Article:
Estimating Greenhouse Gas Emission and Energy Potential of Eskişehir Landfill Area
Landfilling is the most widely used waste disposal method in Turkey and its usage is increasing day by day. Landfill gas (LFG) that is consist of %50 methane (CH4), %45 carbon dioxide (CO2) and %5 non-methane organic carbon (NMOC) is formed by anaerobic decomposition of buried waste in the landfill area. Landfills are the largest anthropogenic emitters of greenhouse gas such as CH4 and CO2. Although methane concentration in the atmosphere is lower than that of carbon dioxide, it is 21–25 times more harmful than CO2 and account for 20% of global greenhouse gas effect. On the other hand, with a calorific value of 3.5-5 kWh/Nm3, landfill gas contained methane can be used as high-value renewable fuel in gas engines that can be effectively used for heat and power. Thus, by oxidized the methane both power and heat can be produced and greenhouse effect can be reduced. In this study, by using LandGEM 3.2 landfill gas estimating model, CH4, CO2 and NMOC emissions were estimated for Eskişehir landfill area that has been started to operate in 2010. In addition, the energy potential was calculated for this landfill area. Using data obtained from the Turkish Statistical Institute, the population and quantity of solid waste was estimated by using arithmetic increase method for the next years. Methane production rate (k) and methane production potential (Lo) for Eskişehir were calculated as 0.02287 year-1, 110.4802 m3/Mg, respectively. According to the model result, the amount of landfill gas was 1,12×106 m3/year in 2011 and the maximum landfill gas formation was found 2,28×107 m3/year in 2032. In this study, the reciprocal internal combustion engine that fueled biogas is used as power generator.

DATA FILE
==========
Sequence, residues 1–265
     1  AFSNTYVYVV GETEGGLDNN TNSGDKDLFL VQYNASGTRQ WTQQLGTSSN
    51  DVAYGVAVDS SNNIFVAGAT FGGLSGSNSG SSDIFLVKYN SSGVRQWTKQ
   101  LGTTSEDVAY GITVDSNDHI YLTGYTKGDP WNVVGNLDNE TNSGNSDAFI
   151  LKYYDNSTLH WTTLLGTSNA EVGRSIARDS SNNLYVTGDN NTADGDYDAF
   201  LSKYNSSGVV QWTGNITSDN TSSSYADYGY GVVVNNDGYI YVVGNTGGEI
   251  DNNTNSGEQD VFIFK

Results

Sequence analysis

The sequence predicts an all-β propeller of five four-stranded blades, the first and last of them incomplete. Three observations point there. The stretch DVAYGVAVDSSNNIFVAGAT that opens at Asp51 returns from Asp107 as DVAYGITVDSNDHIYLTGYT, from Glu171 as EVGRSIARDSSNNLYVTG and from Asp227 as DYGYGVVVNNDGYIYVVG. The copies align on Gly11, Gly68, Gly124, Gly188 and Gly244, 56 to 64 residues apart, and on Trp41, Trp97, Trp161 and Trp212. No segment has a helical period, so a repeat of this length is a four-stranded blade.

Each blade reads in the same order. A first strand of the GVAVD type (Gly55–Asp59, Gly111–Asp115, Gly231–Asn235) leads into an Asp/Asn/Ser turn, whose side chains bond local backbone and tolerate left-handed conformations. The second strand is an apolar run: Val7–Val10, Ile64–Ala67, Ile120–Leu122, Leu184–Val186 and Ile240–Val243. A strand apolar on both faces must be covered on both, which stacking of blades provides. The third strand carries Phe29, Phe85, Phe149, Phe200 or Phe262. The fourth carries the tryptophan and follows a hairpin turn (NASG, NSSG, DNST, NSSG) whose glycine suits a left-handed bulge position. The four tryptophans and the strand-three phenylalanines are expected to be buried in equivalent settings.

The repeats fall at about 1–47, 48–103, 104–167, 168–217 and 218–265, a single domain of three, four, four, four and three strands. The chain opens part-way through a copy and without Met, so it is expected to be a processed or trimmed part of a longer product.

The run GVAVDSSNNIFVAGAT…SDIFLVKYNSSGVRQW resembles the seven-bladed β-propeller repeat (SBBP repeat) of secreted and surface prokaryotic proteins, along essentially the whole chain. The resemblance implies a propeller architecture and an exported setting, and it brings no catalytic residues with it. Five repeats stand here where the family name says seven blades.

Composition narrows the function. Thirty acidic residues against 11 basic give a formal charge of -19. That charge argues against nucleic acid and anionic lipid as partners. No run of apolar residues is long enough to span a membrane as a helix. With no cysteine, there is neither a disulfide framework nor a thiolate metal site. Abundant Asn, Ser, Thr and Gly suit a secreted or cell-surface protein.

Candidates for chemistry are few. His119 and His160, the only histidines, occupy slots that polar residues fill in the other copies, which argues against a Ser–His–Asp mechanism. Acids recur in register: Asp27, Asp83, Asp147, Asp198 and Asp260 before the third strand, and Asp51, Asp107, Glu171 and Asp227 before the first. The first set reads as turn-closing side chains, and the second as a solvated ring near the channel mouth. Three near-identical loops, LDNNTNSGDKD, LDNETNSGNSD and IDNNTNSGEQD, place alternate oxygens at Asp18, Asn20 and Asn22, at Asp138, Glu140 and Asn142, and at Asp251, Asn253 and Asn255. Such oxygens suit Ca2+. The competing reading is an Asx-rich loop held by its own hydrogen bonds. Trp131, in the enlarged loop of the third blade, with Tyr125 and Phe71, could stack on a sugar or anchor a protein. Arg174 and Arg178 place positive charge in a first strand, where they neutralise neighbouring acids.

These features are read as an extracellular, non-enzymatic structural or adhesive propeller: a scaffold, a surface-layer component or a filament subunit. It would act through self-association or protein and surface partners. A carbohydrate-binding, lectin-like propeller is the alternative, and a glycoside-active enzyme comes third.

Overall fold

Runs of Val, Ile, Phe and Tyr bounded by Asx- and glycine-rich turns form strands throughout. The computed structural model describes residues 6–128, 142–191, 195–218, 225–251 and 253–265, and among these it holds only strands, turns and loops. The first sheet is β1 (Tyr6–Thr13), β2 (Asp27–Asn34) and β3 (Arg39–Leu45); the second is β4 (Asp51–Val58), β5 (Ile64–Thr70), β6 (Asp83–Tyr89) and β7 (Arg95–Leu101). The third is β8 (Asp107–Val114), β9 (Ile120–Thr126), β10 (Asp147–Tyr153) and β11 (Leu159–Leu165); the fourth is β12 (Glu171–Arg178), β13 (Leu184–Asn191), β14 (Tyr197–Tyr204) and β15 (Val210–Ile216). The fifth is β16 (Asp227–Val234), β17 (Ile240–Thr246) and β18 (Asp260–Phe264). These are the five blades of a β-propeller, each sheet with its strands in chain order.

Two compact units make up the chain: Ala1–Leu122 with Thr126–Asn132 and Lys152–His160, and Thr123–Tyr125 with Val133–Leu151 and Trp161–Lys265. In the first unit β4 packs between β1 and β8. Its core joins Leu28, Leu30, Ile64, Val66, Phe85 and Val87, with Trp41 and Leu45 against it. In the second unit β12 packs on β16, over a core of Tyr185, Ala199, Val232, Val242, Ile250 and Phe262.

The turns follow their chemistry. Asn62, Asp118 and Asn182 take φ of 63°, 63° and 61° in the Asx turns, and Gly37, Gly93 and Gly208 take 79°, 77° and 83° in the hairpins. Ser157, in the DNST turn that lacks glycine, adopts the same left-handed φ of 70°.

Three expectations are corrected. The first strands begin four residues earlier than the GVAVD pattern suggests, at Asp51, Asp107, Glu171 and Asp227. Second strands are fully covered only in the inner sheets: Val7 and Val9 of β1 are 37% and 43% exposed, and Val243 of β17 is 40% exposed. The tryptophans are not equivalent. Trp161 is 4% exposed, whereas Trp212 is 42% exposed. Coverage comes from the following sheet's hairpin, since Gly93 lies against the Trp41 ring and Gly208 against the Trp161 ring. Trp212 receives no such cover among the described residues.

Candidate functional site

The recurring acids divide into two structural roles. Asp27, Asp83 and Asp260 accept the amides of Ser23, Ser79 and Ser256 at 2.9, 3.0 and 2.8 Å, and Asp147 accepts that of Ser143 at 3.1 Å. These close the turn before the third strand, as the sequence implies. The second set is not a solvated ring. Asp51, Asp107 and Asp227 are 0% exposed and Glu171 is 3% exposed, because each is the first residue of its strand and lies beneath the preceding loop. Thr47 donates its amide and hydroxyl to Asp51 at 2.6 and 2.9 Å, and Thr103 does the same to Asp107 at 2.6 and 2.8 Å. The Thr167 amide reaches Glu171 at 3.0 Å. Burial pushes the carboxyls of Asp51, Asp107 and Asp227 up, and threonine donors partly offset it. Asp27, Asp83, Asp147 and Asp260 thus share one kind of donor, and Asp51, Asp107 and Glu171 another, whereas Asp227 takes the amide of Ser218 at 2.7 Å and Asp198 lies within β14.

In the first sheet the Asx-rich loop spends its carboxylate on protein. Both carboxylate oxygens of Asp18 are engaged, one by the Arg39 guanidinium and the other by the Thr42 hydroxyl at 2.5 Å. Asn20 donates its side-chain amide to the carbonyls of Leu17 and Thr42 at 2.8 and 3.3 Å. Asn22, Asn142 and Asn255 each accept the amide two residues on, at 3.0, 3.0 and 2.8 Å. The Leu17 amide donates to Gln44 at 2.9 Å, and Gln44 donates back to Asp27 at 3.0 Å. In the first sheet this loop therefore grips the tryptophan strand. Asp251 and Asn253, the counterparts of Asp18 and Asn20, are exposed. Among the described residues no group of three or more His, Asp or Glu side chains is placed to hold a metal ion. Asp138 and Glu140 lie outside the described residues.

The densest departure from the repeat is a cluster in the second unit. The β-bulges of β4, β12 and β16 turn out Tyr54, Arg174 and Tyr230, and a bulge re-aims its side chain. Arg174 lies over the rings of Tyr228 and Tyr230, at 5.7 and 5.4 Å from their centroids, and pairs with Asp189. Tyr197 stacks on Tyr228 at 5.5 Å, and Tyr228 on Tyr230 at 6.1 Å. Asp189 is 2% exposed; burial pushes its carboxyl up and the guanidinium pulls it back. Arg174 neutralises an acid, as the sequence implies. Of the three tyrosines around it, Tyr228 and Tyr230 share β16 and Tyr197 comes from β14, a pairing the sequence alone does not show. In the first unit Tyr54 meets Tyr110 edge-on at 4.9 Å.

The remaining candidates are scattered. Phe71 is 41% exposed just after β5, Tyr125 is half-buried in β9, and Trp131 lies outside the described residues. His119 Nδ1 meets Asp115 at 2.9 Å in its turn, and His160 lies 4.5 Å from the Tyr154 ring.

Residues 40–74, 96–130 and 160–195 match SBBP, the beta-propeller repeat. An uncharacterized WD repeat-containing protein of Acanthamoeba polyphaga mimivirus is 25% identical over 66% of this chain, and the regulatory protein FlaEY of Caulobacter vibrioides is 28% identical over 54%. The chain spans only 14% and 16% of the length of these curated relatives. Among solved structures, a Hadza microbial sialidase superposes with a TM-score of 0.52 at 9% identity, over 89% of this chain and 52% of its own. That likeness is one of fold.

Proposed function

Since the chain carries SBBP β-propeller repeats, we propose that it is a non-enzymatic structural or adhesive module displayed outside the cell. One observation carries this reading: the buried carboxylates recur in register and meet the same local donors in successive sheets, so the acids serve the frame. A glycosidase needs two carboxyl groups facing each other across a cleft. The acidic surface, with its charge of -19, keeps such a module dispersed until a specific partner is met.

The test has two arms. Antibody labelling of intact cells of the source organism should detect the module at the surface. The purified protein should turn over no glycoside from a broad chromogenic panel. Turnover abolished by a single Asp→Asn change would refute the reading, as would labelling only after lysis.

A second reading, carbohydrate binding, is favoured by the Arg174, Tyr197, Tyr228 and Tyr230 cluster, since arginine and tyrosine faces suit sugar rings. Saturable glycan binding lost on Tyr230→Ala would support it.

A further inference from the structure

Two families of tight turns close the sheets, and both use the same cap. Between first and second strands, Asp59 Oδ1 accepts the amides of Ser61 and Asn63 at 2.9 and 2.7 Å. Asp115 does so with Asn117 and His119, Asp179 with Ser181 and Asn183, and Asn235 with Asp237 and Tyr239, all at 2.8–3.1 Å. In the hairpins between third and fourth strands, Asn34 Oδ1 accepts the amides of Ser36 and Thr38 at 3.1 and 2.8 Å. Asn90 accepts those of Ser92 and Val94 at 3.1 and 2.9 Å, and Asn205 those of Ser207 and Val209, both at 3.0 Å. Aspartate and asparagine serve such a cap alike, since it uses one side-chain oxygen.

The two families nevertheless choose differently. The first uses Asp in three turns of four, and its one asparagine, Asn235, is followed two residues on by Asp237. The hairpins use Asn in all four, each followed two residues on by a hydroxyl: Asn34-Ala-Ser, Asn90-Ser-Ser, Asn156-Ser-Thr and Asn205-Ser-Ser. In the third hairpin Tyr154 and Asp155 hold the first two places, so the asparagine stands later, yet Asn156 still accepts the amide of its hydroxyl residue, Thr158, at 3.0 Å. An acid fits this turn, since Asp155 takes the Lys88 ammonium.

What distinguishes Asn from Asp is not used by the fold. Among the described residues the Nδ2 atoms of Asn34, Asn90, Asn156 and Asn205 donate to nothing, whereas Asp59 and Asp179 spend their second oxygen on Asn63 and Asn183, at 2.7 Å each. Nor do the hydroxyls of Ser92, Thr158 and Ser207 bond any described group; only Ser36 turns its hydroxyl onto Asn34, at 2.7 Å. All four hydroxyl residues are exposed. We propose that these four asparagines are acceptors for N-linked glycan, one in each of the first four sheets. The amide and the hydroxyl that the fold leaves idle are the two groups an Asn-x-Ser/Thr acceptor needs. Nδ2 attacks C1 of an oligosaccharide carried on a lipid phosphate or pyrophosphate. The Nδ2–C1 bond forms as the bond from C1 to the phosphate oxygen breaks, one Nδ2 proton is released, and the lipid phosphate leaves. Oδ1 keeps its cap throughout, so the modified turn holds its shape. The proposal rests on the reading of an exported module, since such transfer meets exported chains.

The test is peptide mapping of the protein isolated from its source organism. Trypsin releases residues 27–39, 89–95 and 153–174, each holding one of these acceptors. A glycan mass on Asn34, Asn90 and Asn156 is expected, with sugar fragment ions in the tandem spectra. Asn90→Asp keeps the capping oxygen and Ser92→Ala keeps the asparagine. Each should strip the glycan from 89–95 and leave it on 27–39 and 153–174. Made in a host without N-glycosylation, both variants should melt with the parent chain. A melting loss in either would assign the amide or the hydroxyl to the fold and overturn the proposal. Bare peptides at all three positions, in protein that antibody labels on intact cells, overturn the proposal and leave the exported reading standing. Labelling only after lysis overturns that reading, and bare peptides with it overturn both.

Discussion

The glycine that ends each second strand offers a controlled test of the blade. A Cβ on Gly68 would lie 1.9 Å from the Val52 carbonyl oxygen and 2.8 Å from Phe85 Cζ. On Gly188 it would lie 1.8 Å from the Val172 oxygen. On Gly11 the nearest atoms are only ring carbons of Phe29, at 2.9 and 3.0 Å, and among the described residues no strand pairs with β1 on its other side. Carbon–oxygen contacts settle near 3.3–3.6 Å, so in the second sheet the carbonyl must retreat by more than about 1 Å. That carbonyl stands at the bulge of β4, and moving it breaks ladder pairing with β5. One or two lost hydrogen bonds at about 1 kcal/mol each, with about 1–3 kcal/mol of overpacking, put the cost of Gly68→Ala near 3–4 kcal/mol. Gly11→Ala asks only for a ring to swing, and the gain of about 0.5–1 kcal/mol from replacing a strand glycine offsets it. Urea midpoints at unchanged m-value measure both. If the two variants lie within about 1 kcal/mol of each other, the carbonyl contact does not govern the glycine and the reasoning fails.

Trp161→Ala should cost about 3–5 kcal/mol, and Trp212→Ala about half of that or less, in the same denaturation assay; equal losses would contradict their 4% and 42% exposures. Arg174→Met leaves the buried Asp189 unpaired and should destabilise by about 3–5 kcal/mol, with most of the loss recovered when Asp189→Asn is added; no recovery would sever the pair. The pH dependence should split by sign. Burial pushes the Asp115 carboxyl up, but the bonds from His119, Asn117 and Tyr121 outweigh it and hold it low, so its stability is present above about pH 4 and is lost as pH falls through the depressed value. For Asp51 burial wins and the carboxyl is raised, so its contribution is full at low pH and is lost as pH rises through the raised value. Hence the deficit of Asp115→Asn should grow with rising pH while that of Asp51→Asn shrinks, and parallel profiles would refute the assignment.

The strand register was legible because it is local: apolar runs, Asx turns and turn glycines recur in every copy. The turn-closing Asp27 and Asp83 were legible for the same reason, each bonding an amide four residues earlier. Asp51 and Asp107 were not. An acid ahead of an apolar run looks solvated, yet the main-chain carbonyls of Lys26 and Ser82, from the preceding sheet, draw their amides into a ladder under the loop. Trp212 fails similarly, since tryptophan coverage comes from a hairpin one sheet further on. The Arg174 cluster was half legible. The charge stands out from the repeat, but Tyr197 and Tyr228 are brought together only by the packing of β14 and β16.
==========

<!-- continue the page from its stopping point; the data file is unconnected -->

Project life time was selected as 133 years (2017 to 2150). Total electricity production was calculated as 1542.594 GWh duration of considered life time.
Cihangir Kale is an Research Assistant of Energy Systems Engineering in the Faculty of Technology at Fırat University, Turkey. R.A. Kale received his BSc degree in energy systems engineering from Osmaniye Korkut Ata University in Turkey in 2013. He continues his master degree education in mechanical engineering at Ömerhalisdemir University. He has actively been working in the areas of renewable energy technologies (wind, solar, hydrogen production based on renewable energy water treatment based on renewable energy, etc.).